Valiant Air Command Museum to reopen, 16 October

The Board of the Valiant Air Command have decided to reopen beginning on Friday, 16 October 2020. Hours of operation will be 9am to 5pm every Friday, Saturday and Sunday moving forward.

Masks are a requirement to be admitted and social distancing is requested.

Florida warbirds heading to DC, part 2, C-47 “Placid Lasse”

For the Arsenal of Democracy Flyover happening in Washington, DC on 25 September will see 2 aircraft from the state of Florida. And best of all, they are veterans of World War 2. This is the last article on these amazing aircraft.

The Tunison Foundation will be flying its C-47 “Placid Lassie” as part of this flyover. This aircraft flew as part of D-Day in June 1945 dropping troops on St Mere-Eglise and other missions during the invasion. Other missions included Operation Market-Garden (Airborne invasion of Holland) and the Relief of Bastogne (the Battle of the Bulge).

After her wartime service, she flew passengers or cargo, with West Coast Airlines, Saber Cargo Airlines and Express Air Cargo. The aircraft was abandoned but in 2010, she made airworthy again.

Florida warbirds heading to DC, part 1, P-40 “American Dream”

For the Arsenal of Democracy Flyover happening in Washington, DC on 25 September will see 2 aircraft from the state of Florida. And best of all, they are veterans of World War 2. This is the first of two articles on these amazing aircraft.

As mentioned before, Thom Richards will be flying his P-40 “American Dream” as the lead aircraft of the P-40 flight. This aircraft flew the 8th Fighter Squadron’s in the 49th Fighter Group, 5th Air Force out of New Guinea and is credited with 3 kills. 1st Lt. Joel Dixon Thorvaldson was shot down on 13 September 1943 by Japanese fighters.

Joel D. Thorvaldson recalls via Pacific Wrecks:
“When I got on the ground, the kunai grass was so high, I fired a flare to burn the grass. They knew i was out there. A friendly plane spotted me on a river bank and dropped me a raft that I used to go down the nearby Ramu River. It took me nine days to get back. At the mouth of the River, the Australians picked me up. They had only taken Lae two days before they picked me up. I had gotten credited for one kill before I even got back, because everyone had seen me shoot this plane down over the strip.  I was the first rescue for the squadron too, they did a victory roll for me when I got back. I claimed 2 and a bomber.  I was supposed to get a purple heart for my wounds but they said my plane crashed from mechanical failure, not enemy fire, so I didn’t get it. Now, from your photos of the wreck, it looks like it will finally get my purple heart! I did see a piece go by in the air, but had no idea they even hit me”.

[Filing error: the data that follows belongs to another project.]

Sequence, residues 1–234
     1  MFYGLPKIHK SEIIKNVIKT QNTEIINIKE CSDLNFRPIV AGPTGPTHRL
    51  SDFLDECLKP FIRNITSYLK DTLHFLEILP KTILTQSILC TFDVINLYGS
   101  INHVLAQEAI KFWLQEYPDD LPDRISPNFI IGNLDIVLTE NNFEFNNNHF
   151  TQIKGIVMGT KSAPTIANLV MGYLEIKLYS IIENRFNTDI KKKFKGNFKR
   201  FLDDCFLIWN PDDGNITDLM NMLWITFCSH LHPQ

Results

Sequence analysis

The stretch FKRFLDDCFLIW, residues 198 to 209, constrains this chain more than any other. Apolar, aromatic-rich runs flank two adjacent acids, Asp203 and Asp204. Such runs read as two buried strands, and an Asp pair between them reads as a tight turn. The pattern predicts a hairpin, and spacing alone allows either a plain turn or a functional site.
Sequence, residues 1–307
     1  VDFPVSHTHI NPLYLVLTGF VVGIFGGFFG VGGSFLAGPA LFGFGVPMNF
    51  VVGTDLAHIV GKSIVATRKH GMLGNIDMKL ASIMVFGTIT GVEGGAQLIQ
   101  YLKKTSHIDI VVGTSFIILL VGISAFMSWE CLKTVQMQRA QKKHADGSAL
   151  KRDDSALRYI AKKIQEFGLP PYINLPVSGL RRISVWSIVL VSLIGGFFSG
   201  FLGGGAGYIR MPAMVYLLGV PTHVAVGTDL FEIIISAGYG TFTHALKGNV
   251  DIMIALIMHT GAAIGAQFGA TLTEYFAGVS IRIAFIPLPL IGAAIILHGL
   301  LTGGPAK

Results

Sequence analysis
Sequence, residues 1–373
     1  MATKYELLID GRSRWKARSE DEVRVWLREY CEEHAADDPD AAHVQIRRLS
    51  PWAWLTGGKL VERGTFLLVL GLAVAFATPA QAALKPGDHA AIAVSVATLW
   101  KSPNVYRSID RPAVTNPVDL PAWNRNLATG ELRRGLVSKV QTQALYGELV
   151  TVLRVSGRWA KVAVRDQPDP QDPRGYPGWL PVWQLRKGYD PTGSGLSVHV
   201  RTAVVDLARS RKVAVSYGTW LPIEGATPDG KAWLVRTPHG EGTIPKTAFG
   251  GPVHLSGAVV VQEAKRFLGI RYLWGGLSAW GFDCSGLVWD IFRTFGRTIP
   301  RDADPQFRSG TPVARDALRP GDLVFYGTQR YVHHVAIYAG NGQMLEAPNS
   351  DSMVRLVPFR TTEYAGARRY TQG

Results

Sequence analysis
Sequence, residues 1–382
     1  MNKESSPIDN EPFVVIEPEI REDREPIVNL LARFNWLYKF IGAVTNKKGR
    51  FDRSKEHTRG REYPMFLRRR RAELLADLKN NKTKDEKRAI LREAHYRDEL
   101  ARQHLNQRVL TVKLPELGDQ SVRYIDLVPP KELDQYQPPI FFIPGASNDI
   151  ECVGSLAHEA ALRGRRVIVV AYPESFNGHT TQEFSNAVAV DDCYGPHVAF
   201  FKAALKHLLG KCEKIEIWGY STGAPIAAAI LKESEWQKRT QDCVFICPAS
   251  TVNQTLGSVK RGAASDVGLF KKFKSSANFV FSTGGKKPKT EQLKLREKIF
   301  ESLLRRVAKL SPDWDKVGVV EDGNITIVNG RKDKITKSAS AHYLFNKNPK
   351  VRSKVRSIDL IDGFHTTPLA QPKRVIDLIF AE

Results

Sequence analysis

This aircraft was recovered in 2005 and in 2008, this aircraft took to the air after being restored by Precision Aerospace in Australia. After a landing gear accident, the aircraft was converted into a dual-control one. Aircraft was sold and shipped to the USA in 2015. Thom bought the aircraft in 2018 and proudly flies it out of Warbirds Adventure in Kissimmee, Florida.

National Naval Aviation Museum has a Phase 1 reopening.

Phase 1 reopening happened on 23 September 2020.

Postponed due to Hurricane Sally.

From the National Naval Aviation Museum:

We are excited to announce Phase 1 of our reopening as we invite Active Duty military personnel and their dependent family members to visit the National Naval Aviation Museum beginning on Tuesday, 15 September 2020. Operating hours will be Tuesday-Saturday, 10:00 AM to 4:00 PM. Masks will be required at all times while inside the museum and sanitizing stations are available throughout the museum for the safety of our visitors. The Giant Screen Theater and refreshment counter will be open at reduced capacity. At this time the popular Cubi Bare Café will remain closed. Blue Angels practice flight demonstrations are currently closed to the public. We look forward to seeing you soon“.